Almost all pharmacies now have the front end of a pharmacy automation system, which is software usually referred to as the Pharmacy Management System. In some cases this software is an integral part of a larger pharmacy automation system which involves the use of some form of robotics. This is where the script information is entered into the system, usually manually, and via a keyboard. Given the risks involved and the complexity of drug names, very few people would be willing to risk letting speech recognition software handle this job.
Most management systems print a label package which drives the rest of the pharmacy system. The label package is either printed at, or delivered to, a pharmacy workstation where the script will be filled. A high percentage of pharmacies scripts are filled by counting pills from a supply bottle into a customers vial. Most large robotic systems seek to save labor time in this area. Some systems require that the drugs be manually poured from their supply bottles into dedicated cassettes. If each cassette has its own counting mechanism the possibility of cross contamination is eliminated. If, on the other hand, a robotic arm moves the supply cassette to a common counting mechanism, the specter of cross contamination must be dealt with. Where each cassette does its own counting the drug pick up is done by a human with the customers vial in hand.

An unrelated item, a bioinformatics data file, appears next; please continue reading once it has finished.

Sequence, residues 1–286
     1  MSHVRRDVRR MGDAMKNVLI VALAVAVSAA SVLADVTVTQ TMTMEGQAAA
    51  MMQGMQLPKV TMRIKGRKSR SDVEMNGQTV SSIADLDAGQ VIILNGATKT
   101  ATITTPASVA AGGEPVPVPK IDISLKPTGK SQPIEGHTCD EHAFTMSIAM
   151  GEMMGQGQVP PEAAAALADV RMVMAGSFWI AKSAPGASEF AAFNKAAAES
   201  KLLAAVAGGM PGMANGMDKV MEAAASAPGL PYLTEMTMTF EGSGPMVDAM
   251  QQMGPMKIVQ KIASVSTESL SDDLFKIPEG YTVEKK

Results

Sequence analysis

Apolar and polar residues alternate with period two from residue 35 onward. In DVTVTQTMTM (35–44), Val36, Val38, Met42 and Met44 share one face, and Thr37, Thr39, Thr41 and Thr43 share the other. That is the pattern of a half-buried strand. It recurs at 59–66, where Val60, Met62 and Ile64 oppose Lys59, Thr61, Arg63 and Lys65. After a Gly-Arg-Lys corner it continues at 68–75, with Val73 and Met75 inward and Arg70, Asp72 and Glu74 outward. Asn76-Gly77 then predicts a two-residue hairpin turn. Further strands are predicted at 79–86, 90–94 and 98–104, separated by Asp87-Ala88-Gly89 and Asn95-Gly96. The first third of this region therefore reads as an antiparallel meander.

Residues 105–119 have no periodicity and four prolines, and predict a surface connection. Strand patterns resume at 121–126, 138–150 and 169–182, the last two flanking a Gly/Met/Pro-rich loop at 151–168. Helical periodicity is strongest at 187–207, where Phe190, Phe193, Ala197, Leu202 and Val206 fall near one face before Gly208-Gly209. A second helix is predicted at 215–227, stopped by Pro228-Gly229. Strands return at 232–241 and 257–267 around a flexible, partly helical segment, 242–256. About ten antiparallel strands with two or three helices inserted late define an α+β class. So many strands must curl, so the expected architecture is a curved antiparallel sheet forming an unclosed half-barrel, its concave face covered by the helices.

Most of these robotic systems have some form of human verification to assure that the proper drug has been delivered and, frequently, that the count is correct. There is, in the end, a fair amount of labor still involved.
Let's consider a new type of system where several pharmacy workstations share a common database of drug data.
Each workstation has a scale with a bar code scanner that is used to count pills based upon average piece weights. Average piece weight information is stored in the central database and shared by the workstations. Counting pills by weight is extremely fast and accurate when accurate average piece weight data is available. The system’s ability to allow the users to easily update average piece weights for each drug on a periodic basis is the key to its speed and accuracy.
The system uses a downloaded national drug database for general information and generates an added local database of average piece weights for the pharmacy formulary. The icing on the cake is that the user does not have to manually count pills for samples when updating average piece weights. The system has a clever way of using the existing average piece weight to help in establishing an updated piece weight this is independent of the existing weight. More information on this new system is available at www.torbalscales.com. This system is completely free of cross contamination, as the pills go directly from the supply bottle into the users vial. The system also provides drug verification, where the drug label pack is verified against the supply bottle NDC code. The initial investment is relatively small and usually recovered within the few weeks